Recent Books on International Relations: Latin Lessons: How South America Stopped Listening to the United States and Started Prospering/Leftist Governments in Latin America: Successes and Shortcomings

Article excerpt

Latin Lessons: How South America Stopped Listening to the United States and Started Prospering. by hal weitzman. Wiley, 2012, 288 pp. $25.95.

Leftist Governments in Latin America: Successes and Shortcomings. edited by kurt weyland, raúl l. madrid, and wendy hunter. Cambridge University Press, 2010, 232 pp. $89.00 (paper, $26.99).

Not every journalist who spends time overseas should write a policy book. From 2004 to 2007, Weitzman was the Financial Times' correspondent for the Andean region, based in Lima, Peru- a country on a continent that he had never before visited. Weitzman's wellwritten, colorful stories of indigenous protests against plundering multinational resource companies illuminate the appeal of leftist populists such as Hugo Chávez in Venezuela, Evo Morales in Bolivia, and Rafael Correa in Ecuador. But Weitzman conflates these Andean outliers with all of South America, which in fact is typified by more temperate, realistic governments. Most disconcerting, Weitzman begins by sympathetically portraying the Andean leftist populists and excusing their resource nationalism and state interventionism, then suddenly shifts to condemning their profligate economics and confrontational politics. Weitzman seems to have changed his mind on discovering that Chávez has stoked anti-Semitism to fuel social division. Weitzman ritualistically lambasts U. …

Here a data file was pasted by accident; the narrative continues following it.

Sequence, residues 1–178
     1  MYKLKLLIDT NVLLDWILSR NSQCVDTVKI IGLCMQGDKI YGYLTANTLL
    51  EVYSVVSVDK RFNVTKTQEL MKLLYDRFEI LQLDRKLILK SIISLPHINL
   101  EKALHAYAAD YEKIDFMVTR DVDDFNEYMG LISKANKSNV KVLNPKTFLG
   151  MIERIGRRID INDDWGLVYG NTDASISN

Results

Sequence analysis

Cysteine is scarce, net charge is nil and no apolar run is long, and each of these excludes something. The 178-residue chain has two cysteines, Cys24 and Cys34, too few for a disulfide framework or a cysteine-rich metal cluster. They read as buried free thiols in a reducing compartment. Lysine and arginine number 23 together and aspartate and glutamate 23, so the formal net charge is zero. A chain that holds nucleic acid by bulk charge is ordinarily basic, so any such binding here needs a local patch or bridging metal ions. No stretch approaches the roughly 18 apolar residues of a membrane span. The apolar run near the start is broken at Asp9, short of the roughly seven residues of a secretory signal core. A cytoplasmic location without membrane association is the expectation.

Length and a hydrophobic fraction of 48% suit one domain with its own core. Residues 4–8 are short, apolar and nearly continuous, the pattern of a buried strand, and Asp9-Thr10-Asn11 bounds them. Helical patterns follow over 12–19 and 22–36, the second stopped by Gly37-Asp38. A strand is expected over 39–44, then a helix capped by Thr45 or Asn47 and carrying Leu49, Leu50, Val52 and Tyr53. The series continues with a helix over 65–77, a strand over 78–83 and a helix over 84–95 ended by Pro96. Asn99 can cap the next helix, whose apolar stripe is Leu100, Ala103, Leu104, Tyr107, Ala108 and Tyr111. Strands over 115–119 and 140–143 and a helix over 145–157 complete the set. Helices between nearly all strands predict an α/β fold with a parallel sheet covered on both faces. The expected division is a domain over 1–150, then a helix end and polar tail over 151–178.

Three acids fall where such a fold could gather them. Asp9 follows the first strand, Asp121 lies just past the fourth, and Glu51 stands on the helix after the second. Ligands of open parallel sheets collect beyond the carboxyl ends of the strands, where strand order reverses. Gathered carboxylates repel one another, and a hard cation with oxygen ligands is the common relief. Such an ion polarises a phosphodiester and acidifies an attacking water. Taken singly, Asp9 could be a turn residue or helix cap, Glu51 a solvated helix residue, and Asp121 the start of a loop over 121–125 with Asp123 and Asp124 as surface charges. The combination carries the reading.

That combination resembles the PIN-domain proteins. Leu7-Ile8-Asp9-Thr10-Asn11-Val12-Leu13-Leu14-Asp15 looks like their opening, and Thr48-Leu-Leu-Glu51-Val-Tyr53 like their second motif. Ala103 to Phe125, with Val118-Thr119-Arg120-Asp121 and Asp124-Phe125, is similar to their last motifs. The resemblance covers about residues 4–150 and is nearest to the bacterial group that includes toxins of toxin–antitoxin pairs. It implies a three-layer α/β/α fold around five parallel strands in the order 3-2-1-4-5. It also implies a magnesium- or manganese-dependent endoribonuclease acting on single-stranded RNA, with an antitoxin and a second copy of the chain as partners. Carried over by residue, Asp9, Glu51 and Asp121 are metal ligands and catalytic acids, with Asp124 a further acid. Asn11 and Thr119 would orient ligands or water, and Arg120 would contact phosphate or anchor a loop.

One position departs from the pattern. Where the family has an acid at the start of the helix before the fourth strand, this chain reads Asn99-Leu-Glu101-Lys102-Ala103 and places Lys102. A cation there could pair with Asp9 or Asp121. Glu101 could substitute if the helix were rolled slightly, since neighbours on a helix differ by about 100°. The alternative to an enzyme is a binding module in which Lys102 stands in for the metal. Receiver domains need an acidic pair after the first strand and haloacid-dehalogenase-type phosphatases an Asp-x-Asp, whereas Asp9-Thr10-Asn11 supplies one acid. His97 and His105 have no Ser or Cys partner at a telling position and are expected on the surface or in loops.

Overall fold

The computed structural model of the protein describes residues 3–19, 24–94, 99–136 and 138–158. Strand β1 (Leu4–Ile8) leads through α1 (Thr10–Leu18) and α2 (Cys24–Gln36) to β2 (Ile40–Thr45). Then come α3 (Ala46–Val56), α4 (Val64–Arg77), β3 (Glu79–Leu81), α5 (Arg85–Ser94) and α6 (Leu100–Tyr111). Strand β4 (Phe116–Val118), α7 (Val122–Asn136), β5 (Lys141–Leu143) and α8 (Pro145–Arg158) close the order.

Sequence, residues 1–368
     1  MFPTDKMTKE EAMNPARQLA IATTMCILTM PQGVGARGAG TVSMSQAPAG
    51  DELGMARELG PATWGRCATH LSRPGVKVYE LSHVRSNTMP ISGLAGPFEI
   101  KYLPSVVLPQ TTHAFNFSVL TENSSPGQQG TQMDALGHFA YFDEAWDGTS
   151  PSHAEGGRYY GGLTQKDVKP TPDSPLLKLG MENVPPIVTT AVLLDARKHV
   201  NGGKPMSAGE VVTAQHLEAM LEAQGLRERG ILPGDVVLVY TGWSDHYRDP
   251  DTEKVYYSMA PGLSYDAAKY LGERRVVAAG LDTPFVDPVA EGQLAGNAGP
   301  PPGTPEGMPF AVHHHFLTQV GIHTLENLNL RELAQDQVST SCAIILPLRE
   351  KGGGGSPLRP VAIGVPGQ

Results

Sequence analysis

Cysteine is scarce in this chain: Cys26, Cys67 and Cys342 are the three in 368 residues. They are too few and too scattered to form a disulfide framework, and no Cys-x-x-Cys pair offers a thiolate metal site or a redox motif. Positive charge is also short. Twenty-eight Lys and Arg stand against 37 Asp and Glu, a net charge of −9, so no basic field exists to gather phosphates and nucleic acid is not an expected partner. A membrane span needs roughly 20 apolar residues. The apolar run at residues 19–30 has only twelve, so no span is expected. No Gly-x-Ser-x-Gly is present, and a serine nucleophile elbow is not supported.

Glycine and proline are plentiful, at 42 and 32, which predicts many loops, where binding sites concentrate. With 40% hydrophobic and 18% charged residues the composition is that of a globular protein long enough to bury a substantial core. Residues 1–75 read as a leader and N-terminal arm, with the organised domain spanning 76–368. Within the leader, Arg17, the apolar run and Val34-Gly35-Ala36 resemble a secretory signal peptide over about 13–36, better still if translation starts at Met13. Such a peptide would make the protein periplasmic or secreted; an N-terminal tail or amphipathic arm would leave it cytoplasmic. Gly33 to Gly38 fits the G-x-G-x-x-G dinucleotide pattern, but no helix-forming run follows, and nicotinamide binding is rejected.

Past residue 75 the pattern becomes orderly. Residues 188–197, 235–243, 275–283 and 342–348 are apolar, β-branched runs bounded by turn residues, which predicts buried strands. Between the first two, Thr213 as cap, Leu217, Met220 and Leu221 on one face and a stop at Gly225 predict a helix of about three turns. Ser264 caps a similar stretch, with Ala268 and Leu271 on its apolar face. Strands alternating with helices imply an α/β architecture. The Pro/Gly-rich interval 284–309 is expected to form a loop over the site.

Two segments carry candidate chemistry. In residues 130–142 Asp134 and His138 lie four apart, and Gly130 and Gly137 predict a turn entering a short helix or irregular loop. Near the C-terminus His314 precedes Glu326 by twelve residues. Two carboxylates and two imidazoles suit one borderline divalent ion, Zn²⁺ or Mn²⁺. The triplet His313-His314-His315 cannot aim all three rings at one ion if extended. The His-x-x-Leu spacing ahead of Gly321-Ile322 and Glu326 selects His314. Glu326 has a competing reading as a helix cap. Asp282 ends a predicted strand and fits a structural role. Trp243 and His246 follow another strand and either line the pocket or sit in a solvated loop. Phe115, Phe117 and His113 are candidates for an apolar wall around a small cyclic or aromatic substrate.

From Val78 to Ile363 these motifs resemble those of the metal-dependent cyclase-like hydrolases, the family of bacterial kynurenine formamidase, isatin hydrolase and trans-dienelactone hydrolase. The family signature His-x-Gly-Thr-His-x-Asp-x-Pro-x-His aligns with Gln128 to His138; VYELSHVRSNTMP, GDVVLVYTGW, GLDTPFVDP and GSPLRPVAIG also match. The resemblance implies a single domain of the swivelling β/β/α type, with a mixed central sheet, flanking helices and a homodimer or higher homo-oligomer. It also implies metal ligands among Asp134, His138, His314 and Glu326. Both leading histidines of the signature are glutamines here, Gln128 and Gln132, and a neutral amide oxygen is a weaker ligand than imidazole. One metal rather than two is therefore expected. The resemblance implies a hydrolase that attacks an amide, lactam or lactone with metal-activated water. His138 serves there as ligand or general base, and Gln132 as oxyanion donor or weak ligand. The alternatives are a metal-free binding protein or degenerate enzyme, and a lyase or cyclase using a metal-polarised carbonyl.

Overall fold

Oops!

An unknown error has occurred. Please click the button below to reload the page. If the problem persists, please try again in a little while.